Steps For Creating a DiscoTech

Here are a few steps we like to take when organizing a DiscoTech:

1.  A Shared Vision
We begin our DiscoTech conversations about two months in advance, and begin by asking ourselves a series of questions that help identify intentions for the event. Some of these questions include

  • Why a DiscoTech?
  • Where should the DiscoTech be and why?
  • What skills and tools do people want and need?
  • What skills and tools do people have that can be a part of the DiscoTech?
  • What is currently happening in this community and how can a DiscoTech support it?

2. Build It Together!
DiscoTechs can be big events that can take a lot of work. If everyone pitches in and collaborates, they are a breeze and fun to organize. Below we’ve listed some roles that have emerged from our experiences in Detroit.

    • Station Managers: These are the people want to organize a DiscoTech station. A station is similar to a table at a science fair — each station focuses on a unique drop-in activity.
    • Greeters: We have found it’s important for participants to be welcomed as they enter a DiscoTech. Greeters are the people who welcome participants, help them navigate the DiscoTech, and solicit donations or surveys.
    • Graphic Designer: This is someone who is really into making signs for the stations, fliers to promote the event, and any visuals the stations might need to be really awesome.
    • Host: This is someone who encourages people to explore and keeps people updated on movie screening times or raffle status.
    • Facilitating Organizers: This is a team of at least two people that help facilitate the collective vision of the event. They send out logistics and reminder emails to station managers, gather equipment and supply needs, and make sure outreach is happening.
    • The Disco DJ: Spinning disco music at a DiscoTech pumps up the fun factor about 10 notches! There’s nothing like soldering and learning about the Internet to sweet disco tunes. Dancing from one station to another helps participants retain information.
    • Documentation Manager: It’s important to document the event with photos, interviews, and video. The Documentation Manager works with others to arrange as many types of documentation as possible and makes sure that the videos, photos, etc. become accessible after the event. In Detroit, we’ve created a series of video documentaries and oral history narratives, and have all of our photos posted to a shared Flickr account.

3. Flyers and Outreach
Once you’ve created a shared vision for your DiscoTech, it’s important to start spreading the word at least one month before the event. In Detroit, we created this flier which clearly explains, as an infographic, what a participant can expect to experience. Our colleagues in DC have noted how helpful this flier was in explaining the event, and have since modified the basic structure to meet their organizing needs. It is important to distribute the fliers in print and digitally, as print often reaches communities that are still communicating offline. You can distribute fliers at community events, schools, libraries, recreation centers, local businesses—even dollar stores! Digital fliers can be distributed through social media, blog posts, and email.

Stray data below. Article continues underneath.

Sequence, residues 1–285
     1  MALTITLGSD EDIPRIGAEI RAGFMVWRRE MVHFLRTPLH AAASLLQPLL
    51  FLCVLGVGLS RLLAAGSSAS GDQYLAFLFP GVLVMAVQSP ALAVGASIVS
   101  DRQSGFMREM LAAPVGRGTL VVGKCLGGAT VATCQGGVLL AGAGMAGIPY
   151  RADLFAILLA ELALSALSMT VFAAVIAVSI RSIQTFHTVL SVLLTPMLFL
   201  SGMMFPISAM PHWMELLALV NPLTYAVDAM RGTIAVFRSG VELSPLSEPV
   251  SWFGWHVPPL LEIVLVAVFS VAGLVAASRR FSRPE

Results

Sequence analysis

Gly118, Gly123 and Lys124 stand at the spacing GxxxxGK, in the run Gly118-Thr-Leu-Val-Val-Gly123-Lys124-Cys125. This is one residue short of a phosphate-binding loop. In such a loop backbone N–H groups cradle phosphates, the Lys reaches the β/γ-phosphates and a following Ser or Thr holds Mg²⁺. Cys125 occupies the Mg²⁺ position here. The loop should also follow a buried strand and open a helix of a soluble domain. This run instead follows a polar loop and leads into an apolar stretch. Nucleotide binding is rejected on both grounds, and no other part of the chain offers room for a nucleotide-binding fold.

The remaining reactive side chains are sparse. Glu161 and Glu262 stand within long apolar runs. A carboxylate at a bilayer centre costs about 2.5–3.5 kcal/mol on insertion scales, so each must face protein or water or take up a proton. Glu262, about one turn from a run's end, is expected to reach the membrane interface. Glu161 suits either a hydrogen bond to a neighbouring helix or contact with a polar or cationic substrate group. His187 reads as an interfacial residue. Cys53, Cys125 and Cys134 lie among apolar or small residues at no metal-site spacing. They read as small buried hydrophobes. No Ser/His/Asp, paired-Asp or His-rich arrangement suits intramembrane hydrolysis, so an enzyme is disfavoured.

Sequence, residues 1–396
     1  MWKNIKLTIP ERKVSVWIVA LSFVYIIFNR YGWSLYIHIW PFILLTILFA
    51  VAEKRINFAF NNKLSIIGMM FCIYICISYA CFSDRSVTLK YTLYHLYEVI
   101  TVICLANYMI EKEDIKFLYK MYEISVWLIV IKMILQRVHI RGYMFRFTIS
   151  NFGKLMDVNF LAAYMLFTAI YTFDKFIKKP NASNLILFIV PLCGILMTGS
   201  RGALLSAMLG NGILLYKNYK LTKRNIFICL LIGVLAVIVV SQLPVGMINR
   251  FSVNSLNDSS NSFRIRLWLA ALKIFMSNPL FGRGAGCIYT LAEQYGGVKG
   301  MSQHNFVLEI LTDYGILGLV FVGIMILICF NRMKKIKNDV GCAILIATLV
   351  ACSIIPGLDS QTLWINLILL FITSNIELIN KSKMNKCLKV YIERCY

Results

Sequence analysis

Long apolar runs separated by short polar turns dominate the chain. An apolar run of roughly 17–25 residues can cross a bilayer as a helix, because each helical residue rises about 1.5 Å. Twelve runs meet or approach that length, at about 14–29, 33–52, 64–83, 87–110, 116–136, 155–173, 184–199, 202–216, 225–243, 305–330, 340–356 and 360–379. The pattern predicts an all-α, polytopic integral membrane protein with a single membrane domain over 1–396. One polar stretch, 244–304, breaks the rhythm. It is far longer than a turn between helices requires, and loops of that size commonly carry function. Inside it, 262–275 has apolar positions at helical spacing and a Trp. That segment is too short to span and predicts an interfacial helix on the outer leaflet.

4. Get Creative, Use What You Have
DiscoTechs are are collective organizing tools that bring out the assets of a community. This is what makes them beautiful and special. DiscoTechs thrive when people take the time to think and work together. We’ve
found that there is room for several ideas to take shape in the science-fair-style format. As a starting point, gather some friends and colleagues and ask each other:

  • What is something you know about technology that you are comfortable sharing with others?
  • What would I like to learn by sharing and exploring with others?

You might not have to go that far! If someone
says “I know how to use my phone well,” they can do
a station that shares that knowledge with others. If
someone says “I kind of know Facebook, but I want
to know more,” they can have a Facebook exploration
station where people share FB tricks with each other.
Anything is possible and together we are geniuses. Be
creative with the resources that you and your colleagues
have right in front of you

5. What Happens After a DiscoTech?
DiscoTechs are a great community-organizing tool, as well as an organizer-organizing tool. Reflecting on the event is a way to keep the DiscoTech community together. Discussing the future while reflecting on the past is a productive way to build upon and create new relationships.

Here are a few questions we often find each other with after a Detroit DiscoTech:

  • What stations do people enjoy? Why?
  • What worked? What didn’t work?
  • What recurring questions emerged?